Grimsey Review 2
Five years on from its first review of Britain’s high streets, The Grimsey Review 2 has estimated that that around 28,000 retail jobs have gone this year alone, with another 40,000 predicted to go by the end of 2018.
The perfect storm of out-of-town retail, on-line shopping and a polarisation of retail centres is resulting in a crisis on UK high streets. It could result in 100,000 empty shops within ten years and the devastating effects this will have, not just on jobs, but on rent levels for those landlords who own these shops.
The Grimsey Review 2 makes a series of recommendations, chief of which are a re-think by government of the UK business rates system, and a restriction on out-of-town development.
Grimsey and his co-authors say that struggling retailers can no longer be relied upon to prop up ailing town centres and predicts that nearly 70,000 high street jobs will have gone this year.
Bill Grimsey the former Wickes and Iceland chief executive who leads this review says that:
“There is no point clinging to a sentimental vision of the past.
“We have to accept that there is already too much retail space in the UK and that bricks and mortar retailing can no longer be the anchor for thriving high streets and town centres.
“Town centres need to be repopulated as community hubs.”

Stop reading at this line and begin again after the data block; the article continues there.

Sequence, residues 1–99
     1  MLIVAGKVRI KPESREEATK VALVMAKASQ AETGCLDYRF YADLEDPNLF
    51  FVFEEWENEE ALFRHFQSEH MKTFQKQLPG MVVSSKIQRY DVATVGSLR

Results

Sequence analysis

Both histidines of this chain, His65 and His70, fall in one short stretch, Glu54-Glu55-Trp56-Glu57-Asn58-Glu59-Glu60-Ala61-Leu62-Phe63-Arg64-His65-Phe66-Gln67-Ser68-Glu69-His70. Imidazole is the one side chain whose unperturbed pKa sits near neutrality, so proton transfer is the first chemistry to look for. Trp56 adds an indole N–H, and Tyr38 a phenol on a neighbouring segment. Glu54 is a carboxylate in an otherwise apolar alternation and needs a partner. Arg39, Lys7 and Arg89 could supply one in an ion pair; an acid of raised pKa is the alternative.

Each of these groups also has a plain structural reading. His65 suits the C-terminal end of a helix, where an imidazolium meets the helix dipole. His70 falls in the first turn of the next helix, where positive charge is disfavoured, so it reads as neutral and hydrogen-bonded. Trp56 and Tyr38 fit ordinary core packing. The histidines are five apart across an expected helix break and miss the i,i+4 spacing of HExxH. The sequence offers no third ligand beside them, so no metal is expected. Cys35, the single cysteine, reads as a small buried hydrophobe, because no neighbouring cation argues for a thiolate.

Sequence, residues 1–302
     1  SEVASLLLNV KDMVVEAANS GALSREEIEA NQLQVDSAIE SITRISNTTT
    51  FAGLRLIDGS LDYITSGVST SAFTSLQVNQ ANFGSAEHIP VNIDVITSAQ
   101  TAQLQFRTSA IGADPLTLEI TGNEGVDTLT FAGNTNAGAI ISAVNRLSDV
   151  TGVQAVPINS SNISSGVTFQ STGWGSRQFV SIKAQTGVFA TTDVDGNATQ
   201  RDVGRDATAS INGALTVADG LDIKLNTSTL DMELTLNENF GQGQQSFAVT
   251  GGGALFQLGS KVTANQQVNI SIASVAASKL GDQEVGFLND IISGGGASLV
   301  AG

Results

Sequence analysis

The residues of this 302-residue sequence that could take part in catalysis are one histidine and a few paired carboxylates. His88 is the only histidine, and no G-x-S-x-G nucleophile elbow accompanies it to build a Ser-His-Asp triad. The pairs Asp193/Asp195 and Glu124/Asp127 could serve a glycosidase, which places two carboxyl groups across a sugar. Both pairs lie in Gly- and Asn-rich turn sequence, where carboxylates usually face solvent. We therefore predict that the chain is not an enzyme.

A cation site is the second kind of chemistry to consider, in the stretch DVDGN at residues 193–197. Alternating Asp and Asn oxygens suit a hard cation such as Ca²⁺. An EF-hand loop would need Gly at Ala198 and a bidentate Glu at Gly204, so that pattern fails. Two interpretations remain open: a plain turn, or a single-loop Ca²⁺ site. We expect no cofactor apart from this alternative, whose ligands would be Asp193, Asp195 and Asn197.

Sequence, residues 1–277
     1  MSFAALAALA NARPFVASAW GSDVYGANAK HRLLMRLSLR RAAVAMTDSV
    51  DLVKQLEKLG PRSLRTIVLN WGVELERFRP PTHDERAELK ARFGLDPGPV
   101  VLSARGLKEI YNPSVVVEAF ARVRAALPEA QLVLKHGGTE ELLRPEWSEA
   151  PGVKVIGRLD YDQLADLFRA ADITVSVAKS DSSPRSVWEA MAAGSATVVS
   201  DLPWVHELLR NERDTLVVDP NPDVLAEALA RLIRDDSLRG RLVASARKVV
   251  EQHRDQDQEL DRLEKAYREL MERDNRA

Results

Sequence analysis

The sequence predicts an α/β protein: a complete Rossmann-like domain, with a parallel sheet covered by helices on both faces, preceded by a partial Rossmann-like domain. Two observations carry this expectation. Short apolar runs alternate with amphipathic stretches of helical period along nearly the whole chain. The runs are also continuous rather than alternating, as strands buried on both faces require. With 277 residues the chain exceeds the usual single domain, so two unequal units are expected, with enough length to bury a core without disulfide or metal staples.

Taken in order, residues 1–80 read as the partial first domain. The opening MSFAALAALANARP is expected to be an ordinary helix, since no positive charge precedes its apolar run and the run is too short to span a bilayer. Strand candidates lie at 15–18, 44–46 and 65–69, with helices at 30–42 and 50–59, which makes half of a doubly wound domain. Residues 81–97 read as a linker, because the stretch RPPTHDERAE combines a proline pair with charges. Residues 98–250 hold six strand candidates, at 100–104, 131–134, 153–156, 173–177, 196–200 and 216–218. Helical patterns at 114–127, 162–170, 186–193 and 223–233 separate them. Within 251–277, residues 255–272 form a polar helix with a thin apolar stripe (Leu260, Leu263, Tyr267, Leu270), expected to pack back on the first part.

On an optimistic note, the report says it is still possible to turn things around: it gives Stockton-on-Tees as an example of a regeneration success story, where the stakeholders all worked together to rejuvenate this north-east town.
The report’s emphasis is a move away from pure retail in declining centres, with a focus more on alternatives such as town centre living, including housing, leisure, entertainment, education, arts and commercial office space.
2018 has seen the highest rate of retail store closures since the 2008 recession as bad weather in Q1, and a slow-down in consumer spending on clothing and household goods, hit high streets, when at the same time shopping online is increasing.
Co-author of the report Matthew Hopkinson, a property market analyst, says there are 50,000 empty shops in the UK out of a total of 500,000. His prediction is that this could easily rise from one in 10 to one in 5 empty shops (100,000) within 10 years, if the present trend is to continue.
The Grimsey Review 2 urges The Local Government Association to set-up local town centre commissions, each one tasked with drawing up a 20-year plan. It also recommends the creation of a new national body similar to that of the Scottish Towns Partnership.
Grimsey’s other suggestions include the creation of a commercial landlord register, and giving local authorities the powers to fine owners whose properties are left empty for more than six months. It is also proposed that legislation is needed to allow shops to be converted more readily into homes or community facilities.
Meanwhile, The Housing, Communities and Local Government Committee, which consists of a cross party group of MPs – is set to examine ways to revive ailing high streets, where retailers are increasingly under threat due to financial pressures and the ongoing rise of online shopping.